(Updated 24May 2016) The Embassy of France and PDAA, an association of public diplomacy professionals, take great pleasure in inviting you to a talk and reception at the Residence of France on Wednesday, June 8, from 6:30 to 8:30 p.m. Nathalie Broadhurst, the Deputy Chief of Mission for France, will discuss “The Challenges of Europe and their Impact on France, the United States and the American-French Relationship.” Mme. Broadhurst, who has also had postings in China, previously served as the deputy assistant secretary for the United Nations and multilateral organizations and the director of the office of Development Policies in the French Ministry of Foreign Affairs.
This special event will take place at a critical time for Europe: just two weeks prior to the vote in Great Britain on a “Brexit,” Great Britain’s possible departure from the EU. Mme. Broadhurst may also comment on the migrant crisis and efforts to counter terrorism. In addition to PDAA members and guests, several representatives of the French Embassy and the French community in Washington will also attend, expanding the opportunities for an exchange of views.
If you wish to attend, please reply to email@example.com with your name and the name of your guest as soon as possible. Approximately 70 members and guests of PDAA will be able to attend. Please reply by Wednesday, June 1. (Registrants may bring more than one guest.)
The beautiful and historic Residence of France is located at 2221 Kalorama Road, N.W., in the Sheridan-Kalorama area of Washington, D.C. Street parking is available, but those attending may wish to car pool.
(2 April 2016) Editor’s note: Retired FSO and PDAA member Bill Parker tells how he became a space — as in extra-terrestrial space — enthusiast. Bill has been Special Advisor to the Space Foundation since 2007, a gig as he explains, “continuously excites and surprises me with its very robust global engagement.” This essay first appeared on the Space Foundation Web site, and is reprinted with permission.
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Reporting for duty at Offutt Air Force Base, to assume the position of Foreign Affairs Advisor (POLAD) to the Commander of United States Strategic Command (USSTRATCOM), was an immediate shock. Having served as a Foreign Service Officer (diplomat) for over 31 years, my previous assignments had been to foreign countries or the occasional “ultimate hardship assignment,” Washington, D.C. I thought my lifelong infatuation with NASA might have prepared me for the extraordinary space education I was about to receive. Following several wise recommendations (orders), I jumped at the opportunity to attend my first Space Symposium and get an inside glimpse of our remarkable global space enterprise — through the lens of this amazing event, which the tremendous Space Foundation team has been refining over the years.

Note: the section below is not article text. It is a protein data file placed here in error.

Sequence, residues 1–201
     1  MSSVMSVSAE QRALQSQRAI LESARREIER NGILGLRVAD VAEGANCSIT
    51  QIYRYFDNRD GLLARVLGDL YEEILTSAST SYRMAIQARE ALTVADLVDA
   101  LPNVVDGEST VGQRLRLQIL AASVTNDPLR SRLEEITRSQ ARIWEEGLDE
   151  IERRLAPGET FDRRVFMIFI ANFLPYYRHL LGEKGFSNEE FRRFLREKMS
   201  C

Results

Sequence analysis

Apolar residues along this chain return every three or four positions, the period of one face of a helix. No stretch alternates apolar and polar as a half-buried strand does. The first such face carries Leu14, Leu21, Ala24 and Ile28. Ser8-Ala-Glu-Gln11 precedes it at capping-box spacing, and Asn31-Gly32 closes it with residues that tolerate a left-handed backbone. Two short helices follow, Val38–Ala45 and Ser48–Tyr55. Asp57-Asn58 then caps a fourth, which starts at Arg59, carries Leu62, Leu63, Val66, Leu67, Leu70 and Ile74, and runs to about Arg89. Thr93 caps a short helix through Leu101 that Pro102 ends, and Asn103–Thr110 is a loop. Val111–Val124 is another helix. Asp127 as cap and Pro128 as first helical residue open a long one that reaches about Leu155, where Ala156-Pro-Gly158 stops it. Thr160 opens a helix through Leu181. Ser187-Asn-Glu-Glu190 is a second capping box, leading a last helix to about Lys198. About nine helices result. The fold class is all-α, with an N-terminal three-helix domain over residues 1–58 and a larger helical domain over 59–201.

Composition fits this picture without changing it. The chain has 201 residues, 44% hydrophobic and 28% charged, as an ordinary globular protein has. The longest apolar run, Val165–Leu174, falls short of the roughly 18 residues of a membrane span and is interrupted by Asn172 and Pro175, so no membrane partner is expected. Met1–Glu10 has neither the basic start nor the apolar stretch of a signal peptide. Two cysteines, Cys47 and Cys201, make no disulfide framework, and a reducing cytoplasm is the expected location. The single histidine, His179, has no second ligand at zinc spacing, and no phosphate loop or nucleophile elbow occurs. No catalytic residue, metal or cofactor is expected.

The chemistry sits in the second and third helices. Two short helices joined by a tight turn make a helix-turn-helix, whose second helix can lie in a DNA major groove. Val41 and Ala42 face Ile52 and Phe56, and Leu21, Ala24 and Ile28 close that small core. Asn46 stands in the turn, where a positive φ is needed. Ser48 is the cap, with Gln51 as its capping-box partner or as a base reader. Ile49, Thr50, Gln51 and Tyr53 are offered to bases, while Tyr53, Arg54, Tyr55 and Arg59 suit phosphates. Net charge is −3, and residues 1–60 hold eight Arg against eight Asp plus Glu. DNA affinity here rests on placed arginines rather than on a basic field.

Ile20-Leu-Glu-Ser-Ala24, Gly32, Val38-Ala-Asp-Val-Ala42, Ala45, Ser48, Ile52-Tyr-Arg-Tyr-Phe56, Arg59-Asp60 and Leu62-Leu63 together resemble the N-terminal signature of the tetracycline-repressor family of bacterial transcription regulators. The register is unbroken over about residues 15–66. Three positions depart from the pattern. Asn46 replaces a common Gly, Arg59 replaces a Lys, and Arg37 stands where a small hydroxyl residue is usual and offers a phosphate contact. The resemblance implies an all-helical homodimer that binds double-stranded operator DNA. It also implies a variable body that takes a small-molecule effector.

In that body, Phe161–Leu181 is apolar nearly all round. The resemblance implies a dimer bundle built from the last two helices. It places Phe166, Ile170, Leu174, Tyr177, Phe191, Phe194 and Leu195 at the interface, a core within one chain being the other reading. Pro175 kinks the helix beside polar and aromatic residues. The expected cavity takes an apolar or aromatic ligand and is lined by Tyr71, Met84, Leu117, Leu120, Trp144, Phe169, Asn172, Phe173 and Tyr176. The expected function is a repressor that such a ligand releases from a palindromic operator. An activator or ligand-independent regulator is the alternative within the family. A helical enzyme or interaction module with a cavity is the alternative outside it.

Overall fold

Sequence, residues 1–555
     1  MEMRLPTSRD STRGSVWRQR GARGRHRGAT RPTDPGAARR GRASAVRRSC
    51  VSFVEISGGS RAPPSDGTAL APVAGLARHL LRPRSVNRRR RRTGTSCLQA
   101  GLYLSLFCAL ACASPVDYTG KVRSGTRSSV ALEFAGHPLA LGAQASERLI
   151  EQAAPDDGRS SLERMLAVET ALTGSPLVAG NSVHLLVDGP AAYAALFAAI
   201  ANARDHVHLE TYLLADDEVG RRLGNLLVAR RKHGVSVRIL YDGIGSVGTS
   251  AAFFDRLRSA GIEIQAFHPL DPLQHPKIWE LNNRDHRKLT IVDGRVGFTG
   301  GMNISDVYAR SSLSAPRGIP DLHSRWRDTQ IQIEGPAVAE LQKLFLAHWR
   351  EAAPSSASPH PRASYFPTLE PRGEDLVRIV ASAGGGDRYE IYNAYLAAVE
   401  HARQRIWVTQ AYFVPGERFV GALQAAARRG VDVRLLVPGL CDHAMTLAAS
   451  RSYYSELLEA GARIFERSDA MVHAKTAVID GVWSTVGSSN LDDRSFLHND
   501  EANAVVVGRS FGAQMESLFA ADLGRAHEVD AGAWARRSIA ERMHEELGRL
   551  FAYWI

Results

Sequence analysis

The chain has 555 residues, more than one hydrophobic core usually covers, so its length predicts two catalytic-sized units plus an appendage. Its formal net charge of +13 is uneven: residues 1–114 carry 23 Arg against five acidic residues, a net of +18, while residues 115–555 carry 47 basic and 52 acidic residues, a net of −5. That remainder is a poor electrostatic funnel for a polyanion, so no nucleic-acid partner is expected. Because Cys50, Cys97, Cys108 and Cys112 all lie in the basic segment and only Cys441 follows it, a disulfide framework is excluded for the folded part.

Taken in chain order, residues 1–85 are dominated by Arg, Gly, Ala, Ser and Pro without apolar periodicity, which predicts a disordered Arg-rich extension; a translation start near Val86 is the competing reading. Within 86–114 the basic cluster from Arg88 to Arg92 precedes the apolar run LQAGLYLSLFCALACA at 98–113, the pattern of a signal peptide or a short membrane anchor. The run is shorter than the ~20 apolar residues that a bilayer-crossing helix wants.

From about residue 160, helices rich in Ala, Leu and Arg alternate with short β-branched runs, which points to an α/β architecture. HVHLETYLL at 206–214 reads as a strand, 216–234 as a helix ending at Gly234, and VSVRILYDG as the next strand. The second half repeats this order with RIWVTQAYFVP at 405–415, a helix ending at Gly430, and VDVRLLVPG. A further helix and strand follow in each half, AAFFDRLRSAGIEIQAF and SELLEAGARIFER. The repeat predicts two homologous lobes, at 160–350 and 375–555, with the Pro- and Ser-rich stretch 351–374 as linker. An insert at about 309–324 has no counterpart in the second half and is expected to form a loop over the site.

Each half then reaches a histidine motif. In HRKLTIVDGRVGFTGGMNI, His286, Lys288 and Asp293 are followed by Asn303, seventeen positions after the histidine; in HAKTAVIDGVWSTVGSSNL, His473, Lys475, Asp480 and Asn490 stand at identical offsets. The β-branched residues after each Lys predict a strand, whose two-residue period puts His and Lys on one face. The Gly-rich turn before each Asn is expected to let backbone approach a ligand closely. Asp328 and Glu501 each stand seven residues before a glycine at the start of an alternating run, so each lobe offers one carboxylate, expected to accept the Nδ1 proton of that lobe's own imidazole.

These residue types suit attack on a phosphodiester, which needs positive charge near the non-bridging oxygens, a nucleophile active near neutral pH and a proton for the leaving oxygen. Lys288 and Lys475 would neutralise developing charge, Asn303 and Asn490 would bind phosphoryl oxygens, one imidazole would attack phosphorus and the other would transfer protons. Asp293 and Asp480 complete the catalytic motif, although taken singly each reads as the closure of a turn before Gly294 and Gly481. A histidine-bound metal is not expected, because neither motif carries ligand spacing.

For those unfamiliar with its preeminence in the industry, the Foundation’s annual Space Symposium has brought scores of thousands of U.S. and international (government, commercial and military) folks together over the years. In many ways, the Space Foundation has figured out how to foster and grow collaborative opportunities throughout the ever-expanding space community to advance how we view and support space endeavors. If you haven’t noticed, space is now truly democratized. In the eyes of this former Minister-Counselor, no other organization understands this global dynamic quite like the Space Foundation does.
Among other peak experiences of working with this unique group was a trip to China made a few years back. Leveraging its prerogative as a non-governmental organization, working to keep informal lines of communication open despite the challenges of the official U.S./China space dialogue, Foundation leadership organized an historic “Unofficial/Informal” visit where important new personal, professional and institutional relationships were forged. Traveling the Chinese countryside by bus, accompanied by former U.S. astronauts and our Chinese hosts, afforded me the most comprehensive immersion into the nexus of Chinese and U.S. space endeavors. As you can imagine, being among the first westerners to visit certain facilities and to reside at “The Taikonaut Hotel” while touring launch facilities in the Gobi Desert, has been the subject of many sidebar discussions during any number of Space Symposia. Other such engagements have fostered cross-cultural communication and an ongoing positive dialogue with our Chinese Space interlocutors that is both current and robust.